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DroneShield’s Deployment Results in Arrest at College Football Game

skymonkey

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Good, then I think the story is BS until I hear from a story with real details. I believe that just because... and thanks.
 

LUIS MARTINEZ

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skymonkey

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From what I’ve read the drone was not intercepted in mid flight. In fact the drone hovered for a few minutes then flew away.
 

R Martin

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You are right. The local gendarmes have always had the authority to enforce state statutes, such as endangerment, disorderly conduct, trespassing, obstructing governmental operations, etc. on drone calls (they can be quite creative ;) ).
FARs are outside their bailiwick and authority so I am curious as to what authority (state law, US Code) they relied upon to interfere with a UAS midflight.
Guess the FAA is hoping they will get creative and do the Fed's job for them.
 

PatR

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From what I’ve read the drone was not intercepted in mid flight. In fact the drone hovered for a few minutes then flew away.
None of the three linked press stories mentioned intercepting the drone in flight, but all three stories are likely just slight re-writes of an original reporting. Without seeing the actual police report we don’t have a lot to go on. News media reporting is typically inaccurate.

If the college has a a no drone operations on college grounds rule the operators might have simply been cited for trespassing while evidence of the over flight was passed on to the feds for action. OTOH, since we have federal laws against stadium drone flights the cops could just have easily made an arrest for endangering public safety, impounded the equipment, and passed info to the feds for further action, which is certainly within their purview. Local LEA’s often make arrests for civil violations and advise federal agencies when they believe there is suspicion of a federal violation.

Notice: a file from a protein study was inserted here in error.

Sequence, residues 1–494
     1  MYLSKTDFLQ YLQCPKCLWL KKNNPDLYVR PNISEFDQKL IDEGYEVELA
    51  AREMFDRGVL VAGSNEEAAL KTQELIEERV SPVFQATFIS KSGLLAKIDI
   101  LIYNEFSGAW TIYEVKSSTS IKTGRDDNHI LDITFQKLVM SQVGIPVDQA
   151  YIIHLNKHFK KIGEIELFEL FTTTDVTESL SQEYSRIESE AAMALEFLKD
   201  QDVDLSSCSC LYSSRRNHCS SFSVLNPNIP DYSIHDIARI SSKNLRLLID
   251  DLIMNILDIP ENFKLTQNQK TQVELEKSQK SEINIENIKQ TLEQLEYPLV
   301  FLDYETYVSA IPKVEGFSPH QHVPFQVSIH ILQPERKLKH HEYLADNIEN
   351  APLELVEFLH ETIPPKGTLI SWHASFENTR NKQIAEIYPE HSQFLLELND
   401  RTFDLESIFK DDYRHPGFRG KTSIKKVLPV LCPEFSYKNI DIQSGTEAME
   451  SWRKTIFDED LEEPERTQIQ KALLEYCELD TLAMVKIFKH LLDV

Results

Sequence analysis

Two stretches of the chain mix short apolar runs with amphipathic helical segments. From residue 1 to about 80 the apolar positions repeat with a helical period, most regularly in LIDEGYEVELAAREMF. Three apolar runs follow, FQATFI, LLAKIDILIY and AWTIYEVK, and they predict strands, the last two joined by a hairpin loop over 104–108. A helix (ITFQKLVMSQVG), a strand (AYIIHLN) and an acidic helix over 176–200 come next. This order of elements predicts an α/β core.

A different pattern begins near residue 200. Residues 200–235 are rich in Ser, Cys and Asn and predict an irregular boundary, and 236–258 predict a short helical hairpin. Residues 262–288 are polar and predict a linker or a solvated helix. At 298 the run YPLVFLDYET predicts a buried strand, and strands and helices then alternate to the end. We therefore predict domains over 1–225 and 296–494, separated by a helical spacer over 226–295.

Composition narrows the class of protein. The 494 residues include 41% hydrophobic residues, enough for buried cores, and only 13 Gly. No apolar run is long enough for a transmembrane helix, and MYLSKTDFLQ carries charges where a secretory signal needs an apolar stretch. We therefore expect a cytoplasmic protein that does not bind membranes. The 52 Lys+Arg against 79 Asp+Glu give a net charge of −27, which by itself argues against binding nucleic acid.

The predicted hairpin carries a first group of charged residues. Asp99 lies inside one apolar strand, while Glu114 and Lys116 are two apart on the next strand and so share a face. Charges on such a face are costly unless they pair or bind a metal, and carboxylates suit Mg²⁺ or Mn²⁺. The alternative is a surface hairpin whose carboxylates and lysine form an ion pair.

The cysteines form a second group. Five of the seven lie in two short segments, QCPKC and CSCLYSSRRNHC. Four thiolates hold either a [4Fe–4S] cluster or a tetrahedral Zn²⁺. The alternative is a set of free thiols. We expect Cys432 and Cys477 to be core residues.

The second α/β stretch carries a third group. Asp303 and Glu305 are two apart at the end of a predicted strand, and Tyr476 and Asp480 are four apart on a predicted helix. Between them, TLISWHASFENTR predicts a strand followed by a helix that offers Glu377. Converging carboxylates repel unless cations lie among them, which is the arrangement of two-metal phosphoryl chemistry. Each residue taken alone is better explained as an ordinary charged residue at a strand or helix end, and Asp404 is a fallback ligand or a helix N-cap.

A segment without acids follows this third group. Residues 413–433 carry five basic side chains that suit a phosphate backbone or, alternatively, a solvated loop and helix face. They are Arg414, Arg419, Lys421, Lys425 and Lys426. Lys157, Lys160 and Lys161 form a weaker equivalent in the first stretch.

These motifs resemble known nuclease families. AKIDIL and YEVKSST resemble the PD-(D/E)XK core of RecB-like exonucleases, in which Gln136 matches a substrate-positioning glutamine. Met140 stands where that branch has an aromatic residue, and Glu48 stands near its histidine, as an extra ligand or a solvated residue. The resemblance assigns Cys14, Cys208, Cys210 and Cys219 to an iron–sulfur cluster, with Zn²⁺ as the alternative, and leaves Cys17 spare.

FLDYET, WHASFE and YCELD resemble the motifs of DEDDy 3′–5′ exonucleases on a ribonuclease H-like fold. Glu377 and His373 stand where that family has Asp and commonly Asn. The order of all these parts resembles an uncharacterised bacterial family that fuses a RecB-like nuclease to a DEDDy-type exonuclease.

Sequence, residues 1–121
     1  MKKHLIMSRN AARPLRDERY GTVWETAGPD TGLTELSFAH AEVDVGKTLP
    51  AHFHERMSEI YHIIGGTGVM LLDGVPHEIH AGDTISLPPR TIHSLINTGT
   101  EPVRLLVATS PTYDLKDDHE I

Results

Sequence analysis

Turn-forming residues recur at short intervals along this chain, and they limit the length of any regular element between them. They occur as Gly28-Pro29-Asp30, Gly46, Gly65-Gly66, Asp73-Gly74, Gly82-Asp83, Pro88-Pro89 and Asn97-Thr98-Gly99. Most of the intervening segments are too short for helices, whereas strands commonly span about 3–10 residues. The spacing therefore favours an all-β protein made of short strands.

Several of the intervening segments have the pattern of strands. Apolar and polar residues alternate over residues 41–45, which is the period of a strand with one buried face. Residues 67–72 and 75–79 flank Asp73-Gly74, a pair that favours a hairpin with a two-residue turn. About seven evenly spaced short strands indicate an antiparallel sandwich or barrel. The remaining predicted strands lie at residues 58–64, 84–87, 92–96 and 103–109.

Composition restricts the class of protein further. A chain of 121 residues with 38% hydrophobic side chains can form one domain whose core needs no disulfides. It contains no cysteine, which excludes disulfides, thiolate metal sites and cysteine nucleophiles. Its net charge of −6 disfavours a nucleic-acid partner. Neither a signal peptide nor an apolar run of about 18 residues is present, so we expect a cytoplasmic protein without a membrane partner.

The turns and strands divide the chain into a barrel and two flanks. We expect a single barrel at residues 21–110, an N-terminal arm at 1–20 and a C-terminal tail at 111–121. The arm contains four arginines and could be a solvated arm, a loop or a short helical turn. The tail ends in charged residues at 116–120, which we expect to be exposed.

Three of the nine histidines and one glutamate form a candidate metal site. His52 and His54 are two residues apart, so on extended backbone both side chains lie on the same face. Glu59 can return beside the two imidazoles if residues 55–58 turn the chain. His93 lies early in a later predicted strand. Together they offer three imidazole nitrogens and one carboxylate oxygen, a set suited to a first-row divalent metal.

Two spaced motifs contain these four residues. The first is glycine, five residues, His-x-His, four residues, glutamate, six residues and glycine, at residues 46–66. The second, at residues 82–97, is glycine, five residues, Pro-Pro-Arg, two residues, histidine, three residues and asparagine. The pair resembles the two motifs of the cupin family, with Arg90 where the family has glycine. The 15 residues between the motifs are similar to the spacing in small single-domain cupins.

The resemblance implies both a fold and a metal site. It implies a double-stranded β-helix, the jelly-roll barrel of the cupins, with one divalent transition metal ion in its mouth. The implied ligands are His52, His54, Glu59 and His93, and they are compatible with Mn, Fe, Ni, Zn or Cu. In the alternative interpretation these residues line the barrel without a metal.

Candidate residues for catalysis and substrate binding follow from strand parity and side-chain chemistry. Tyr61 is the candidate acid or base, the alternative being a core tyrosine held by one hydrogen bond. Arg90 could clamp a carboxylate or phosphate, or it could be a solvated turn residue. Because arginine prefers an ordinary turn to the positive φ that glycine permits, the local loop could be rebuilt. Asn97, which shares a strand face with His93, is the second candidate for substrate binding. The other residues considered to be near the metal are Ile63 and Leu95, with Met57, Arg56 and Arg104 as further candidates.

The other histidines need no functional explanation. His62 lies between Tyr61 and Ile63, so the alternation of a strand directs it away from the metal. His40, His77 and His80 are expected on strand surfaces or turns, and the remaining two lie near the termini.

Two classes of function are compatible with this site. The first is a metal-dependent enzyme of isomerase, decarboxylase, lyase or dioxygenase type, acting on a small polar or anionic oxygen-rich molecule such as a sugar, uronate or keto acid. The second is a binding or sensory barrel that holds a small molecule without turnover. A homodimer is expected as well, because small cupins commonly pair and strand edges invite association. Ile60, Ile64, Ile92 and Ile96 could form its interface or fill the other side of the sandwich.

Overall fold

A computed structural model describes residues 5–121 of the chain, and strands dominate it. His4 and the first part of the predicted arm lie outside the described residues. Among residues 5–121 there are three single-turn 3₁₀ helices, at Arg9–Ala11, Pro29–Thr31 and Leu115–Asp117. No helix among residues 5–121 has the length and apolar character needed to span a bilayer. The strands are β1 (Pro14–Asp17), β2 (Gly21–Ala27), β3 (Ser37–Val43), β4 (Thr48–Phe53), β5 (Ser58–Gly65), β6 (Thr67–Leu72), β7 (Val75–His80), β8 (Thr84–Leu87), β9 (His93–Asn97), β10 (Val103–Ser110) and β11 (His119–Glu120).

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Guardian44

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The FAA has clearly said that actions taken by drone pilots that violate a local statute can be prosecuted under the local statute. What local jurisdictions can't do, however, is enforce regulations about where drones can or cannot fly. If these guys had flown the drone over the same stadium when it was empty, there would be no ability to charge under local law for anything.

Given the described circumstances, however, I think that under the laws in my state, a couple of arguments could be made:

RSA 631:3 Reckless Conduct - A person is guilty of reckless conduct if he recklessly engages in conduct which places or may place another in danger of serious bodily injury.

Discussion: I believe that it could be easily argued that flying a drone over people creates danger of serious bodily injury. I admit that the "serious" part of the injury may be the most likely stumbling block. I would argue that if there was no danger to it, then the FAA would not have prohibited doing it.

RSA 644:2 Disorderly Conduct - A person is guilty of disorderly conduct if he knowingly or purposely creates a condition which is hazardous to himself or another in a public place by ny action which serves no legitimate purpose.

Discussion: I think this is the more likely to succeed charge. I'm not even sure there is a counter-argument to saying that the pilot is creating a hazardous condition to others (see FAA argument above). The "no legitimate purpose" can't really be argued against, because it is, in fact not legal to make the flight.